The bored whirr of a hospital security drone creeps by overhead. She’s not worried. A light passes nearby by without touching them. Isaac’s in the local wifi, and the tags he and Akuba have on them are telling any drones and security cams to avert their eyes. His trick worked.
“Akuba?” Isaac presses. “What’s happening here?”
She looks up. The buzzard is painted the same rust-orange as the loading dock sign. “Can you hack that drone?”
“Of course. You know this.”
“I want to see what it sees. And tell it where to fly.”
“Oh,” Isaac says. “That’s not… can’t do that without more tech.”
She’s moving before she realizes she wants to. Toward the road. “Well, why the hell are you here, then?”
A single car pulls out of the hospital’s ramp. A black Ford sedan, just washed. No bumper stickers or shit in the back window. Could be a cop, a limo, or no one at all.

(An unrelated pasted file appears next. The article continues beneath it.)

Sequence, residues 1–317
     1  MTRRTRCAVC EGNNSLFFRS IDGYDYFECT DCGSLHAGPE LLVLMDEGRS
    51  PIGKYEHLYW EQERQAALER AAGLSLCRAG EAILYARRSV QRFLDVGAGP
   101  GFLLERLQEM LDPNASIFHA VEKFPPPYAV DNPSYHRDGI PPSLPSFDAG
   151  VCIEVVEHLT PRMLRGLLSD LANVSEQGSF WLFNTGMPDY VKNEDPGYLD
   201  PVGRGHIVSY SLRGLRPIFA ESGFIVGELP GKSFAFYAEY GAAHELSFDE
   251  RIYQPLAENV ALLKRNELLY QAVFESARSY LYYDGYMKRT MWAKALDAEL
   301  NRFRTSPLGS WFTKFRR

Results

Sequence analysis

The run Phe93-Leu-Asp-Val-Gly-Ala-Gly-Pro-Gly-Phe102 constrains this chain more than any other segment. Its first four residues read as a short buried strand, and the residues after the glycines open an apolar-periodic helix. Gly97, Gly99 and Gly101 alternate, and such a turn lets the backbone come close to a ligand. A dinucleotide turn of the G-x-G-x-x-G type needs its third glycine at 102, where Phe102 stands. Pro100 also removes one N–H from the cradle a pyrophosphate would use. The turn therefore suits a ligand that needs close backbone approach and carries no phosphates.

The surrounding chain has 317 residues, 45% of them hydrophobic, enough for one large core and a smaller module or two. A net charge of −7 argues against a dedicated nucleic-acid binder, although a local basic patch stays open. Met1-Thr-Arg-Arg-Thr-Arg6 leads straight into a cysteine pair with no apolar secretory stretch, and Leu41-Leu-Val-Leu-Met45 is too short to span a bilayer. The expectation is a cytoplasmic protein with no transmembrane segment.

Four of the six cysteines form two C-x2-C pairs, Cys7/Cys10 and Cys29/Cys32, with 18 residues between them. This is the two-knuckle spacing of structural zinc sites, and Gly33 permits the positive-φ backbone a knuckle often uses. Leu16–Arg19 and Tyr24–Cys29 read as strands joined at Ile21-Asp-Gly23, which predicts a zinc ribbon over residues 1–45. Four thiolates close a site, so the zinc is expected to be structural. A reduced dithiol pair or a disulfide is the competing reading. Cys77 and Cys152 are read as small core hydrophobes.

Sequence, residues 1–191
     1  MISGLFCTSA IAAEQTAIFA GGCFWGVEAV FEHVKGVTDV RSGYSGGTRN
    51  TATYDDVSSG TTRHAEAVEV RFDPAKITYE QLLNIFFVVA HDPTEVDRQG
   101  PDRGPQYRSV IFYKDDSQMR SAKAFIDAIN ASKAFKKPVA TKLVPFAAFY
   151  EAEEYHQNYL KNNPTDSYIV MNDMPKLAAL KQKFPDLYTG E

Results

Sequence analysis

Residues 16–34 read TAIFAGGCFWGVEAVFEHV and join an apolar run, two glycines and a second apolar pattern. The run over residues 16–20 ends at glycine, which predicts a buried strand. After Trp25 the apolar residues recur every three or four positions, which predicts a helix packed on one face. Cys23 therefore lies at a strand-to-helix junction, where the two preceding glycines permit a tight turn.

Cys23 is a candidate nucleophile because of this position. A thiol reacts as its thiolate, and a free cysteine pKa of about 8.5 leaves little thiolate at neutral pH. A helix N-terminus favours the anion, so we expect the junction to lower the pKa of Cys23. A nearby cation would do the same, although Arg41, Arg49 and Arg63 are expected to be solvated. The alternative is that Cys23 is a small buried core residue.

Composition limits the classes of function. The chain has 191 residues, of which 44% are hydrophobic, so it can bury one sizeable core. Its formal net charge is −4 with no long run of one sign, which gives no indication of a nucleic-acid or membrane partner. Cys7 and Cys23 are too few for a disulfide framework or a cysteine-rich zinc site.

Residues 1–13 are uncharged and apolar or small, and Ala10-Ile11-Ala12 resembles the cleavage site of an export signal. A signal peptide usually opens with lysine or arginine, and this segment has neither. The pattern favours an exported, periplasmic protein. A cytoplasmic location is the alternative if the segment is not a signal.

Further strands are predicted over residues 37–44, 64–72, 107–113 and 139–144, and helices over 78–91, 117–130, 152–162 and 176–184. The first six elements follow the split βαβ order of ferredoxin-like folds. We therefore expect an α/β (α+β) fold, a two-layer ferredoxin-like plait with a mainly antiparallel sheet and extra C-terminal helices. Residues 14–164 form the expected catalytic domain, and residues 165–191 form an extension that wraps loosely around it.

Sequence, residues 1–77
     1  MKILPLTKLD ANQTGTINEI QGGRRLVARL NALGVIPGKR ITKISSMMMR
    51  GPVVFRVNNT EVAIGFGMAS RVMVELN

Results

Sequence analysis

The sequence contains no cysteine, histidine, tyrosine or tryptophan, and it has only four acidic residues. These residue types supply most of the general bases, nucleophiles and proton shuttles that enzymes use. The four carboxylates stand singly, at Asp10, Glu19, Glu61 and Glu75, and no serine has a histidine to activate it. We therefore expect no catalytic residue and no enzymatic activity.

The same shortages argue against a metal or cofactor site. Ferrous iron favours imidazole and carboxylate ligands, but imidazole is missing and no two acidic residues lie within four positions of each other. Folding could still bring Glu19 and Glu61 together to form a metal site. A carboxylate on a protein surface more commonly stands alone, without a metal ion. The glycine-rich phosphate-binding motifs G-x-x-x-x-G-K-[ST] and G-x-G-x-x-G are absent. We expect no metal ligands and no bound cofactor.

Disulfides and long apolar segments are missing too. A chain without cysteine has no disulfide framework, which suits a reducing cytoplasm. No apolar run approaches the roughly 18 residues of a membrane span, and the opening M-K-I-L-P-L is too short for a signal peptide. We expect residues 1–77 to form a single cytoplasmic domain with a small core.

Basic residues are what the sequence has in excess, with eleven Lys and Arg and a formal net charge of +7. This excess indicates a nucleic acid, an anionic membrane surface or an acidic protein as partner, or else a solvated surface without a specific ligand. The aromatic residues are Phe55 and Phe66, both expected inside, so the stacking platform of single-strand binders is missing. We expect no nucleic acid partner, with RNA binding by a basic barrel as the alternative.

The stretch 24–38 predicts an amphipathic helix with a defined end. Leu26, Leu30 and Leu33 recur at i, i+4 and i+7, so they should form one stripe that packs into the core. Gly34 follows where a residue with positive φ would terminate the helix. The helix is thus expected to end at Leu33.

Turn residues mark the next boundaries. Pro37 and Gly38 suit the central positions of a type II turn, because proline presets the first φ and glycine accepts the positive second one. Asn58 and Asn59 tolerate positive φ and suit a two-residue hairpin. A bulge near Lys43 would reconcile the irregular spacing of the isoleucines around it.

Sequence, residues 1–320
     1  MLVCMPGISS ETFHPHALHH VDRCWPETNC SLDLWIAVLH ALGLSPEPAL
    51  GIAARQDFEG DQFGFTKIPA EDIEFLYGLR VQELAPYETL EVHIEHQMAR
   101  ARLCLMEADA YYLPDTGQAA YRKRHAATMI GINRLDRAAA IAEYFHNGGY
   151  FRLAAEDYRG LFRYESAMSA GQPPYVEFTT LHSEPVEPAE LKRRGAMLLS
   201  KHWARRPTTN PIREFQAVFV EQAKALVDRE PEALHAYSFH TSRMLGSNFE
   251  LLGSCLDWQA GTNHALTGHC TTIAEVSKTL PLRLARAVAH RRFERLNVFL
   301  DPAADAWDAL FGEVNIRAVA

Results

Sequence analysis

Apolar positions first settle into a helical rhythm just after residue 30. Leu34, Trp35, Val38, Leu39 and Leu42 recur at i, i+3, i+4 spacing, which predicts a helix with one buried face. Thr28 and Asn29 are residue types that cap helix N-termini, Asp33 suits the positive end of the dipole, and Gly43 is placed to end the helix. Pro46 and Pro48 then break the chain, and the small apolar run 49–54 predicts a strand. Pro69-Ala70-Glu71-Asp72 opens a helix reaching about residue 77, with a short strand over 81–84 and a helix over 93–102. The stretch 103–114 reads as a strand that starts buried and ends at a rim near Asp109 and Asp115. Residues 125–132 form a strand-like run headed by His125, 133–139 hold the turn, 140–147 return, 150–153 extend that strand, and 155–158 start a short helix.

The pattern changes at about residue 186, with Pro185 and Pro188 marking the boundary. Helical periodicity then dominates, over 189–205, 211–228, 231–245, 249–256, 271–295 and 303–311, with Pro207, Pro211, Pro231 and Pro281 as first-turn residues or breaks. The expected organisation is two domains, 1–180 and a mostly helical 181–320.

“That’s him,” Akuba hisses. “Get a car.”
She tears off the tag bracelet and wings it at the windshield. It makes a satisfying clack as it hits, and the Gray Man notices Akuba for the first time. He smiles and waves, benign as a cargo-shorts dad. The tag slides down the windshield and catches in the wipers.
The car turns, and the tag clatters to the pavement. An engine murmurs to life behind her. She swears loudly.
Isaac has chosen a mid-range coupe which smells of quinine and weed. The only one he could get open, he says. Akuba knocks a 3D-printed bong the shape of an Atari controller off the passenger seat and tells him to get after the Ford.
“Trouble is the maintenance,” he stammers, cranking the steering wheel. Isaac gets chatty when he’s nervous. “All these self-driving machines require firmware updates on a regular basis. They say it’s to speed up the Bluetooth or keep the iOS interfaces up to date, but really it’s to protect against the latest exploits. In the old days you could just walk through a parking lot with your phone out and have your choice, but now you have to look for someone who hasn’t kept their firmware….”